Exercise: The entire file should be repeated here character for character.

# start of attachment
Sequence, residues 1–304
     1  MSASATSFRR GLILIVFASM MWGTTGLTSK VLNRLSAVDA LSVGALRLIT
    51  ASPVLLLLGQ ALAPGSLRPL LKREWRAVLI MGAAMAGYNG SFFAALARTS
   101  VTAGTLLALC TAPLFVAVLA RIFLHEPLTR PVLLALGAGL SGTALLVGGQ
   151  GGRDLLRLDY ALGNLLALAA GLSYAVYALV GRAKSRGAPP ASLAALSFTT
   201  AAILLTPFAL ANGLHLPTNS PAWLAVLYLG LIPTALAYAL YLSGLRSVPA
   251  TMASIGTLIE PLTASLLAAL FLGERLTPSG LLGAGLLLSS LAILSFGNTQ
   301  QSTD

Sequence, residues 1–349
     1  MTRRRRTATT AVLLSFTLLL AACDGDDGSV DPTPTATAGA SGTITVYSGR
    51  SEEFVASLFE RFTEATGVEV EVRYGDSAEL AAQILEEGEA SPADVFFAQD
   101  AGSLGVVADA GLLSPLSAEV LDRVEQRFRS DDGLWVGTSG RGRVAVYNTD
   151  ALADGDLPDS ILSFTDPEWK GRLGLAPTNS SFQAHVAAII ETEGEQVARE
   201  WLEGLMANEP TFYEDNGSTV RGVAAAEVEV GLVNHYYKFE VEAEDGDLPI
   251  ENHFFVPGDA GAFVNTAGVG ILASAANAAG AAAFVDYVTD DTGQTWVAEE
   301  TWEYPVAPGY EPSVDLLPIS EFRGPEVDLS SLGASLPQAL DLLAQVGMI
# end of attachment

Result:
Sequence, residues 1–304
     1  MSASATSFRR GLILIVFASM MWGTTGLTSK VLNRLSAVDA LSVGALRLIT
    51  ASPVLLLLGQ ALAPGSLRPL LKREWRAVLI MGAAMAGYNG SFFAALARTS
   101  VTAGTLLALC TAPLFVAVLA RIFLHEPLTR PVLLALGAGL SGTALLVGGQ
   151  GGRDLLRLDY ALGNLLALAA GLSYAVYALV GRAKSRGAPP ASLAALSFTT
   201  AAILLTPFAL ANGLHLPTNS PAWLAVLYLG LIPTALAYAL YLSGLRSVPA
   251  TMASIGTLIE PLTASLLAAL FLGERLTPSG LLGAGLLLSS LAILSFGNTQ
   301  QSTD

Sequence, residues 1–349
     1  MTRRRRTATT AVLLSFTLLL AACDGDDGSV DPTPTATAGA SGTITVYSGR
    51  SEEFVASLFE RFTEATGVEV EVRYGDSAEL AAQILEEGEA SPADVFFAQD
   101  AGSLGVVADA GLLSPLSAEV LDRVEQRFRS DDGLWVGTSG RGRVAVYNTD
   151  ALADGDLPDS ILSFTDPEWK GRLGLAPTNS SFQAHVAAII ETEGEQVARE
   201  WLEGLMANEP TFYEDNGSTV RGVAAAEVEV GLVNHYYKFE VEAEDGDLPI
   251  ENHFFVPGDA GAFVNTAGVG ILASAANAAG AAAFVDYVTD DTGQTWVAEE
   301  TWEYPVAPGY EPSVDLLPIS EFRGPEVDLS SLGASLPQAL DLLAQVGMI